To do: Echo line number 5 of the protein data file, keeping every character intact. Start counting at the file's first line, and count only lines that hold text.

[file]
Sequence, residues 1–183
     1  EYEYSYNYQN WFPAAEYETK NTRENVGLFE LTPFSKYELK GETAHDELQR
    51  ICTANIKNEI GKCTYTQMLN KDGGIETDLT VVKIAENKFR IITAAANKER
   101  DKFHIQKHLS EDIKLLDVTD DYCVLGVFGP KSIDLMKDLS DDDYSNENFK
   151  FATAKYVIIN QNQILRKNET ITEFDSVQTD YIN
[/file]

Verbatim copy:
   151  FATAKYVIIN QNQILRKNET ITEFDSVQTD YIN